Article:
In addition to managing the bloodstock of two successive heads of state, when the horse was still a main mode of transport, Lord Albemarle was also a leading racehorse owner of his day. As an owner, William Charles won two Classics (the 1000 Guineas in 1838 with Barcarolle and the 2000 Guineas in 1841), and the Ascot Gold Cup three times (with two different horses) in 1843, 1844, and 1845. The second Gold Cup win, in 1844, was by a colt which the Earl had not yet named. One of the witnesses of this triumph, Tsar Nicholas I of Russia, let William Charles know how excited he had been by the race, and the Earl promptly named his horse "The Emperor" in honour of the distinguished Russian visitor. In 1845, when "The Emperor" won the Gold Cup (now renamed The Emperor's Plate) again the Earl received a massive silver centrepiece paid for by the Tsar as the race prize based on Falconet's well-known sculpture of Peter the Great in St Petersburg, the base flanked by Russian equestrian troops. William Charles's horses were also victorious in the 1840s in the Cesarevitch and Cambridgeshire major handicaps run at Newmarket. (Source for the above two paragraphs is The Newsletter of the Keppel Association, Issue 4, August 2011)

In 1833 he was made a Knight Grand Cross of the Hanoverian Order.[1]


Lord Albemarle married, firstly, the Hon. Elizabeth Southwell, daughter of Edward Southwell, 20th Baron de Clifford, on 9 April 1792. They had at least twelve children:

After his first wife's death in November 1817, aged 41, Lord Albemarle married, secondly, Charlotte Susannah, daughter of Sir Henry Hunloke, 4th Baronet, on 11 February 1822.[10] This marriage was childless. He died at Quidenham, Norfolk, in October 1849, aged 77, and was succeeded in the earldom by his second but eldest surviving son, Augustus.

The Dowager Countess, Charlotte Susannah, was nicknamed the "Rowdy Dow" by her stepchildren, who accused her of squandering the family's fortune.[10][11] In the words of one biographer: "[She] managed to disperse Keppel heirlooms with extravagant eccentricity."[10] The Dowager Countess of Albemarle died at Twickenham, London, in October 1862, aged 88.[1]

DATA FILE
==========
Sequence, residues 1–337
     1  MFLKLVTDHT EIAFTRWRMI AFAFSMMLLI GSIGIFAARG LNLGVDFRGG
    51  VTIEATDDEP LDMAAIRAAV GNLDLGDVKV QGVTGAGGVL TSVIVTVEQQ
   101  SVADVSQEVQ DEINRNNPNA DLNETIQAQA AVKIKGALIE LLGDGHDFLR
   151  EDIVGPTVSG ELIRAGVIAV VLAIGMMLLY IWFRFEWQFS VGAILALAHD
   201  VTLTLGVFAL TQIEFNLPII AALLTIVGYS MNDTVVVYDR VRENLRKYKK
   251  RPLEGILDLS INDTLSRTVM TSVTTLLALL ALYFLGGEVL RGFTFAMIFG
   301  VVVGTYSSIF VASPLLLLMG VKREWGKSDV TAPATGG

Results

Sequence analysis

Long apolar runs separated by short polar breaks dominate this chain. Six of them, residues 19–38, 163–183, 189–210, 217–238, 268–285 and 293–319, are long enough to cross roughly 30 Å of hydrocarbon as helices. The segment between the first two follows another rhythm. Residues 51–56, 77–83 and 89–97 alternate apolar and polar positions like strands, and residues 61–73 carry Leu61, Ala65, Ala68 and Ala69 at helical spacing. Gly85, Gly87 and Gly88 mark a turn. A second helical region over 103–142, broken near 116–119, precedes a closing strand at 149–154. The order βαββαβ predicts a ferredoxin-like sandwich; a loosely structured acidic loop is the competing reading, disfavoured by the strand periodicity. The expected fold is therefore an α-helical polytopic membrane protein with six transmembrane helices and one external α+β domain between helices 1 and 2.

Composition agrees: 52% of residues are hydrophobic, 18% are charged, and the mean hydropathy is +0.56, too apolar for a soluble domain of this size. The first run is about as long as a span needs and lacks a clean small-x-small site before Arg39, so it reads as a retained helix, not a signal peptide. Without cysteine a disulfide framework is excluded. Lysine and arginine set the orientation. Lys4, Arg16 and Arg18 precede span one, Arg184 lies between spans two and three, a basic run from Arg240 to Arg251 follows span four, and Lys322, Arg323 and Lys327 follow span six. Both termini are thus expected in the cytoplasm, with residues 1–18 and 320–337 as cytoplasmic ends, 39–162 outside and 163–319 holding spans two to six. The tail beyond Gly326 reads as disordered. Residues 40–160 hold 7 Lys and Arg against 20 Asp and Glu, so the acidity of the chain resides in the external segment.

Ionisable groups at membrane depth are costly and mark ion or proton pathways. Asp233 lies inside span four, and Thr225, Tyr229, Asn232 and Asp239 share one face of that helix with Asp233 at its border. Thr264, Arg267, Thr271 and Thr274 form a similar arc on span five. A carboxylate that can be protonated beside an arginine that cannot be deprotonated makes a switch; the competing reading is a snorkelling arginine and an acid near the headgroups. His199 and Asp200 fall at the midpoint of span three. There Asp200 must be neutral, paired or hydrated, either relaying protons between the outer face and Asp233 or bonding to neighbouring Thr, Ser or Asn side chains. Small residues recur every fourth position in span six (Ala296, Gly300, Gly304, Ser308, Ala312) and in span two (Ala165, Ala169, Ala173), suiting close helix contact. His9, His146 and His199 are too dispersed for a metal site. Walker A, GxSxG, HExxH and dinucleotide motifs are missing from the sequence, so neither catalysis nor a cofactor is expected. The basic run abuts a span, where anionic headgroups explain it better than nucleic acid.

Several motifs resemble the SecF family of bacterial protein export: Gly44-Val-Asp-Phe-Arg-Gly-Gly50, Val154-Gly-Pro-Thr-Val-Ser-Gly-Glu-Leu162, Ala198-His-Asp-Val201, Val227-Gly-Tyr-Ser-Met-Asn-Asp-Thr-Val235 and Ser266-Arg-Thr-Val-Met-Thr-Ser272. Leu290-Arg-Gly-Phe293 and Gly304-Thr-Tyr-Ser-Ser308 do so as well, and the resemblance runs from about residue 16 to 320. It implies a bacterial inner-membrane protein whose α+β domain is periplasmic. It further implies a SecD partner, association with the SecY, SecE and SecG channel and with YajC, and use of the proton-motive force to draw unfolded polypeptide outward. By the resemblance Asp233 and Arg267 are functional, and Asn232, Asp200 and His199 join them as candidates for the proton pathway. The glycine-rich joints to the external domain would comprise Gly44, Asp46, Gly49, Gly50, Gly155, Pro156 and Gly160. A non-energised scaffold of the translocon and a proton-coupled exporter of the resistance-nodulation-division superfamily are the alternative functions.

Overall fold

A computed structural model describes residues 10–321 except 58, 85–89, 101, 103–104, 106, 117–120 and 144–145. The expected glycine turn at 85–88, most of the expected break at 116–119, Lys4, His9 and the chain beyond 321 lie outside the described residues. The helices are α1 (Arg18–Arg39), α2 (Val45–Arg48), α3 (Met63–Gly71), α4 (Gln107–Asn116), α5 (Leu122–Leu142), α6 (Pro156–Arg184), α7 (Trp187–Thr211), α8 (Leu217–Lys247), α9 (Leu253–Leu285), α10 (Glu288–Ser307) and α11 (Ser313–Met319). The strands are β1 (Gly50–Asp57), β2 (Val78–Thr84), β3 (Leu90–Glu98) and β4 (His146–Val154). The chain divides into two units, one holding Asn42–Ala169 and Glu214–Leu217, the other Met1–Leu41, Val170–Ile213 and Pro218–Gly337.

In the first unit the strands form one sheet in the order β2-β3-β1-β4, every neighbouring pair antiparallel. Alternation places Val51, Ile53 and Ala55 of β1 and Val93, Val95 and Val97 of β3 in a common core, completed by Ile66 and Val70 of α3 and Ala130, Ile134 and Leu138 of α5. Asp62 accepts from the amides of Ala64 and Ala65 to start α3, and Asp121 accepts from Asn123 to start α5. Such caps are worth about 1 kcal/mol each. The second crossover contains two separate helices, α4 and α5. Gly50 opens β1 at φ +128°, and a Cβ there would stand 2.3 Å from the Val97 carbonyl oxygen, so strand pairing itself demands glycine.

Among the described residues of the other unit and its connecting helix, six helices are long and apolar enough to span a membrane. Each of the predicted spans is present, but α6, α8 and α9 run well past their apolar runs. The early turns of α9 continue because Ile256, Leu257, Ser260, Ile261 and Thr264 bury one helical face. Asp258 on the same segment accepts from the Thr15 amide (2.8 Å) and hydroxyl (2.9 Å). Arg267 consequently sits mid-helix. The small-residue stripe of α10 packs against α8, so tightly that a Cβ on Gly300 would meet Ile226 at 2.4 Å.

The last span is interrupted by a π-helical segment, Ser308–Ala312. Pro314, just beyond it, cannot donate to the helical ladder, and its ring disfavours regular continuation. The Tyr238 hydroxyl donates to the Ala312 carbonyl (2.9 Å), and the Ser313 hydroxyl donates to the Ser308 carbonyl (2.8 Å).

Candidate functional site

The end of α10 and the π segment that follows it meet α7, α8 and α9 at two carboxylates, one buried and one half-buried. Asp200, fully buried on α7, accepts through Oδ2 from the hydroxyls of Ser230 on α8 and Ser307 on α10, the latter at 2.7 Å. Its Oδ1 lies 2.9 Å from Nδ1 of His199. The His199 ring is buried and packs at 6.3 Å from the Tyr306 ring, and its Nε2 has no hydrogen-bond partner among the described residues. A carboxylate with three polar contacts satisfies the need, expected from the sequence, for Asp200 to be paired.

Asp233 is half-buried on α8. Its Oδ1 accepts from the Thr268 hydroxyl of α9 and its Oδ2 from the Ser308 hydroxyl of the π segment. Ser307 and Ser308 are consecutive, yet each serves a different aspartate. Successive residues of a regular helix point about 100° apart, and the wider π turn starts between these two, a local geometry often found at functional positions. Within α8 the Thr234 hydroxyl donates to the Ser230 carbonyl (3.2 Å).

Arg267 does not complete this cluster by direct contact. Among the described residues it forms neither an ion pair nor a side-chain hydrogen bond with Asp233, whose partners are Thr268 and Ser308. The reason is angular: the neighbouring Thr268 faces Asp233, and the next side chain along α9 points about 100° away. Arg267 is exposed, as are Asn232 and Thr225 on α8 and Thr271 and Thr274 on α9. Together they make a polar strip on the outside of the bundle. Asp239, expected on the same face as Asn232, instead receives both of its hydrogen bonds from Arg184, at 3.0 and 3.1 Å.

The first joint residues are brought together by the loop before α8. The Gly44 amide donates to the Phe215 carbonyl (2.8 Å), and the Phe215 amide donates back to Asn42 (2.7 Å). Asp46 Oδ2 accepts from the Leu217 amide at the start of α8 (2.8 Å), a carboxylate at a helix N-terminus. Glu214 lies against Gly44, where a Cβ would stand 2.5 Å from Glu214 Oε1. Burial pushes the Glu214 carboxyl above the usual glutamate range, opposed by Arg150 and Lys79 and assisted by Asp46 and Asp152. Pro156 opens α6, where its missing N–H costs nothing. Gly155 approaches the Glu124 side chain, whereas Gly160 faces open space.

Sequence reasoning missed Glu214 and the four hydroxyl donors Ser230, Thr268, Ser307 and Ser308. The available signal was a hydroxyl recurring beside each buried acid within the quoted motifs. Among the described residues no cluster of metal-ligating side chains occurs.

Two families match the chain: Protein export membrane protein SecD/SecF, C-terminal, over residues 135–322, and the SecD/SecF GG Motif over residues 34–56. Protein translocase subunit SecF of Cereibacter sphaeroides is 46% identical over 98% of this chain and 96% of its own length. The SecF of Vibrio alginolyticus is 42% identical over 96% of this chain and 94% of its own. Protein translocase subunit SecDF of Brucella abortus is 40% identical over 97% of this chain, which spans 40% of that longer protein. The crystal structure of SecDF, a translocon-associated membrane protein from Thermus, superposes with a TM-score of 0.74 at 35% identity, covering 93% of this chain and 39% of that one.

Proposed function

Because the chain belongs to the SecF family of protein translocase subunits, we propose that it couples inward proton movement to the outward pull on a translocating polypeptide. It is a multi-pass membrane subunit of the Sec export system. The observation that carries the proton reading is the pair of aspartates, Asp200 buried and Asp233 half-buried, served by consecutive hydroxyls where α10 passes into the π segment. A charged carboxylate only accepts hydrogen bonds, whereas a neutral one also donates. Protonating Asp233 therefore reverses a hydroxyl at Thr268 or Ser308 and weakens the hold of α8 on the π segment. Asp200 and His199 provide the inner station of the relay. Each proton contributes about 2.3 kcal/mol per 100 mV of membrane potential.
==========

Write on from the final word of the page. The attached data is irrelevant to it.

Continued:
1. ^ a b c d e "William Charles Keppel, 4th Earl of Albemarle". The Peerage. 1 April 2011.
  2. ^ "Keppel, William Charles (KPL787WC)". A Cambridge Alumni Database. University of Cambridge.
  3. ^ "No. 15891". The London Gazette. 18 February 1806. p. 221.
  4. ^ "No. 18748". The London Gazette. 23 November 1830. p. 2449.
  5. ^ a b Cook, C. & Keith, B. (1975) British Historical Facts 1830—1900. London and Basignstoke: The Macmillan Press. pp. 3, 8.
  6. ^ Moon, George Washington (1891). Men and Women of the Time: A Dictionary of Contemporaries p. 849 London: Sutton Publishing [1]
  7. ^ a b Fisher, D. R. (2009). The History of Parliament: the House of Commons 1820-1832 Cambridge: Cambridge Press [2]
  8. ^ England, Select Births and Christenings, 1538-1975
  9. ^ Norfolk, England, Church of England Deaths and Burials, 1813-1995
  10. ^ a b c Lamont-Brown, Raymond (2001). Edward VII's Last Loves: Alice Keppel & Agnes Keyser p. 48 London: Sutton Publishing
  11. ^ Souhami, Diane (1998). Mrs. Keppel and Her Daughter p. 18 New York: St. Martin's Press

External links[edit]

Political offices
Preceded by Master of the Buckhounds
Succeeded by
Preceded by Master of the Horse
Succeeded by
Preceded by Master of the Horse
Succeeded by
Peerage of England
Preceded by Earl of Albemarle
Succeeded by